The purpose of this review was to assess all available studies that analyzed the types of questions in individual sections of the Orthopaedic In-Training Examination, which may be used as a reference for residents studying for their examination.
Following the Providing Innovative Service Models and Assessment extension for Scoping Reviews guidelines, a systematic review was conducted on studies that report on sections or question categories of the Orthopaedic In-Training Examination using PubMed, MEDLINE, and Web of Science databases. Two reviewers and an arbitrator reviewed and extracted relevant data from 20 included studies which made up the systematic review.
All 20 studies in the review reported the mean number of questions per section, with the highest coming from musculoskeletal trauma (18.9% to 19.0%). 18 studies reported the Buckwalter taxonomic classification; 42.0% of questions were T1, 18.2% were T2, and 39.5% were T3 with a wide range from section to section. Primary sources were nearly three times more likely to be cited when compared with textbook sources. There were 12 journals that were commonly cited with the most being the Journal of Bone and Joint Surgery: American Volume (17/18).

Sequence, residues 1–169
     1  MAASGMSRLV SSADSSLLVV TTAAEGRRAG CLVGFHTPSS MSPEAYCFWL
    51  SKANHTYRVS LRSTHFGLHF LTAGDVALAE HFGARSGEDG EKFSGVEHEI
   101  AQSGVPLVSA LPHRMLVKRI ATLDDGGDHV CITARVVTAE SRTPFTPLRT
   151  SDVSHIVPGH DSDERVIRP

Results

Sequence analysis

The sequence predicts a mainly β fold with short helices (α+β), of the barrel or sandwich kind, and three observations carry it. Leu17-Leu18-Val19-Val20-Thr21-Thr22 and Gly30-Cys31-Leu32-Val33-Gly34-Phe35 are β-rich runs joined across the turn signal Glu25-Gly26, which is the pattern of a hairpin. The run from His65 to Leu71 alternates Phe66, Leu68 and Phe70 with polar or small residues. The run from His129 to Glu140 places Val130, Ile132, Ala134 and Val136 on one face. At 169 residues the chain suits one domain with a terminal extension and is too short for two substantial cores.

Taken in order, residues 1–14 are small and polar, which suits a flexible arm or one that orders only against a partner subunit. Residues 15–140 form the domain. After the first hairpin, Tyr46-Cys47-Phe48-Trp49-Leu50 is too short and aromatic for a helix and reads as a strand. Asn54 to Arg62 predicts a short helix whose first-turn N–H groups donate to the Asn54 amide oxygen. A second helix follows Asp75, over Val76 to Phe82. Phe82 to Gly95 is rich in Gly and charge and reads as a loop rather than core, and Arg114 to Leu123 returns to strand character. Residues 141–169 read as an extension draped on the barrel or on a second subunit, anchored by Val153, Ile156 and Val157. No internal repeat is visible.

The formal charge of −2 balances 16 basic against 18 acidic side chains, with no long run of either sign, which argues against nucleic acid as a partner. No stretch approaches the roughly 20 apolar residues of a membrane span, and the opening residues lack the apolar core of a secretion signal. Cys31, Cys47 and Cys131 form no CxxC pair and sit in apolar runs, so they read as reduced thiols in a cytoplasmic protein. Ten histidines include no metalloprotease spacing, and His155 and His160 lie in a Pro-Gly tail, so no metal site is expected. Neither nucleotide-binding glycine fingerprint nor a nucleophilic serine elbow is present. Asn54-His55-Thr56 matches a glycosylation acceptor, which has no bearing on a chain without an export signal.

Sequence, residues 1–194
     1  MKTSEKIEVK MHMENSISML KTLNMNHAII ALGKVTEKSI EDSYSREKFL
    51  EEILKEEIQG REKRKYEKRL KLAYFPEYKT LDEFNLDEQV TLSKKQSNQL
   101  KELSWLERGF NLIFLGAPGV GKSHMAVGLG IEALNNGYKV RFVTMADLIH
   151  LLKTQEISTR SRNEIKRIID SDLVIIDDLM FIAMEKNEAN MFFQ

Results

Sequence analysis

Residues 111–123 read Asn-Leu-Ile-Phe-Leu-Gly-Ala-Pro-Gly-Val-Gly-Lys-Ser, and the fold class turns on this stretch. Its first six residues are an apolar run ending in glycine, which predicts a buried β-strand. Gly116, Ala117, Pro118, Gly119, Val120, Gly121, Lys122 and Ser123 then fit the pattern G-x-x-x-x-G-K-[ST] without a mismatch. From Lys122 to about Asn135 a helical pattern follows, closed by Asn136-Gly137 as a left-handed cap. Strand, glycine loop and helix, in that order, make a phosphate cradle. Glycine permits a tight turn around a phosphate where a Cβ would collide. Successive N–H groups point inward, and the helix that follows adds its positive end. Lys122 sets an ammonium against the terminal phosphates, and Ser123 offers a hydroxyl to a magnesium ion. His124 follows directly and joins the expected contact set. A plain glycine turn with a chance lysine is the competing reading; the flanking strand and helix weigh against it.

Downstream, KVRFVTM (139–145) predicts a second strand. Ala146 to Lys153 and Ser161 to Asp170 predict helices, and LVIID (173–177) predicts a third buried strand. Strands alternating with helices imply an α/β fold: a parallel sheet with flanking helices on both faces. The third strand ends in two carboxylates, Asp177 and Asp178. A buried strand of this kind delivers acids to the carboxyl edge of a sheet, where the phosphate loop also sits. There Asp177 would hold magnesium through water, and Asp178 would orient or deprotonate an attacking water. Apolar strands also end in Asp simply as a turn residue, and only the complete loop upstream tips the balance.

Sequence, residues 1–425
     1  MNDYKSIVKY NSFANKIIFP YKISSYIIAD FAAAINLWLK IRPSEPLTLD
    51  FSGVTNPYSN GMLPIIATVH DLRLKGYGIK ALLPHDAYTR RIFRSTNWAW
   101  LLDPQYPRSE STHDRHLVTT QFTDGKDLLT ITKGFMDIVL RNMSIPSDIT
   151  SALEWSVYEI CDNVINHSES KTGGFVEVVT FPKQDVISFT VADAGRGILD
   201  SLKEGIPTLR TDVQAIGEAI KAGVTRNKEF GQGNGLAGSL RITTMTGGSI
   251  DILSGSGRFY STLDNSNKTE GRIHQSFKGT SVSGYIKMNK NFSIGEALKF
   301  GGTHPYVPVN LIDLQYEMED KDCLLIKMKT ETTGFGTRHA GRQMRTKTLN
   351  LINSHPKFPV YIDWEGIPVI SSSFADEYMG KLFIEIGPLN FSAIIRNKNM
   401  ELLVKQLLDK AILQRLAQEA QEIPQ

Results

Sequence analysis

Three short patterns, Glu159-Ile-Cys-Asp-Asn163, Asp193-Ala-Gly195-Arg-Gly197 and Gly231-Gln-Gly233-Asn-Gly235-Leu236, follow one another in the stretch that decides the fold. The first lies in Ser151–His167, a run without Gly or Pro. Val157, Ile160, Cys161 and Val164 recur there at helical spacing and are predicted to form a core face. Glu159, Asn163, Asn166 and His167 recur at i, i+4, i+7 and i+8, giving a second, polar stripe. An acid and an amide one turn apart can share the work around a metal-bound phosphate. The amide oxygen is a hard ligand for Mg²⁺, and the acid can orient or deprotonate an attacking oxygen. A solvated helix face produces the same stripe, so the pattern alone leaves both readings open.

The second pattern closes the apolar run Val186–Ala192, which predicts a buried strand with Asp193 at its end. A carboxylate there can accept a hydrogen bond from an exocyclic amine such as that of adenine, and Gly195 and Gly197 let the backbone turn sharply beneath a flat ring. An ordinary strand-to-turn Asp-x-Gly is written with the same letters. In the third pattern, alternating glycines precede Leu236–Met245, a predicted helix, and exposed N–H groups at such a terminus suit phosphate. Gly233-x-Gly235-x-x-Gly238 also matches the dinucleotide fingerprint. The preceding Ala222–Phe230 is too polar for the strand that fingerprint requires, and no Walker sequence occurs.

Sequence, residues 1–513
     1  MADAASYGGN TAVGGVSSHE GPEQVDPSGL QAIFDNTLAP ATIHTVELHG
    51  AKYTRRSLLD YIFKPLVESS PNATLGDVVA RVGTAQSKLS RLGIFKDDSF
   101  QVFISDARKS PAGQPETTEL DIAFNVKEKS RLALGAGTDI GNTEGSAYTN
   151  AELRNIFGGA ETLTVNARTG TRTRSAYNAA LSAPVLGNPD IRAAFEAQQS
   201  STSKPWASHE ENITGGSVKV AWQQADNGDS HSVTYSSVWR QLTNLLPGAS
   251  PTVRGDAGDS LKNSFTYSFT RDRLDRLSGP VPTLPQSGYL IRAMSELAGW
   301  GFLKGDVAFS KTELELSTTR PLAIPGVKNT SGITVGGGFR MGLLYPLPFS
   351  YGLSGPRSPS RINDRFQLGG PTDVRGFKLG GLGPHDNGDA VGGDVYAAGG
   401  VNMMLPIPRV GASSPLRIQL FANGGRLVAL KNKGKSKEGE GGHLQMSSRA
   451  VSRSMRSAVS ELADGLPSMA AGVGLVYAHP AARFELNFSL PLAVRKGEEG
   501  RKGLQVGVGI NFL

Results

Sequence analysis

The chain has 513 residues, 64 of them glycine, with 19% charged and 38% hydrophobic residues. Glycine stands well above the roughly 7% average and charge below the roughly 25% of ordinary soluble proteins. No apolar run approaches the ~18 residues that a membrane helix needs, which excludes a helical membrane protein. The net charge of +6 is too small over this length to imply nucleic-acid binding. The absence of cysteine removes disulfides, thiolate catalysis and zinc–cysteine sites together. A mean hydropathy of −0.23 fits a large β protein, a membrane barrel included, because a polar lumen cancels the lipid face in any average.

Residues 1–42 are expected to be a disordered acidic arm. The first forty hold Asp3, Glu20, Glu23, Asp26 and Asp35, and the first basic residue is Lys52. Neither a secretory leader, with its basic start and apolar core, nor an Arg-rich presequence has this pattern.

This study accurately portrays the characteristics of each section of the Orthopaedic In-Training Examination over the past 10 years. These data suggest that orthopaedic residents may be inclined to focus on musculoskeletal trauma, topics related to clinical management, and primary journal sources for studying. In addition, residency programs may choose to focus on higher yield sources or material to prepare their residents for the examination.